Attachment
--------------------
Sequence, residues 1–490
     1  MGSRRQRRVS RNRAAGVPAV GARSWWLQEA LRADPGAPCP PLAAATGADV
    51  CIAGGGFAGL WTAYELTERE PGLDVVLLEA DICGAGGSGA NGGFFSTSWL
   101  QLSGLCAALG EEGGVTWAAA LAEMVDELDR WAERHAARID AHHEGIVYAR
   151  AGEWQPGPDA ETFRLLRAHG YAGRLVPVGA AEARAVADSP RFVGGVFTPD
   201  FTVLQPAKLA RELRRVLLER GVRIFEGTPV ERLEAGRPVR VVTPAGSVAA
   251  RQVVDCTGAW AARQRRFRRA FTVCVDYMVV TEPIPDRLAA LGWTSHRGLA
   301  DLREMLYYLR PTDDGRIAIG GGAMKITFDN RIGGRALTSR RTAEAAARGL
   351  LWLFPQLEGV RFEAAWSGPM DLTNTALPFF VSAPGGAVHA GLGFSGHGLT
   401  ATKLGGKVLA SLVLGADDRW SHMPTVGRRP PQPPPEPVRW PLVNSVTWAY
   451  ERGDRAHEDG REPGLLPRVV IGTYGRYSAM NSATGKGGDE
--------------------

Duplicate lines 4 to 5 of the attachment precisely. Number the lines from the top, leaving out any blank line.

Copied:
   101  QLSGLCAALG EEGGVTWAAA LAEMVDELDR WAERHAARID AHHEGIVYAR
   151  AGEWQPGPDA ETFRLLRAHG YAGRLVPVGA AEARAVADSP RFVGGVFTPD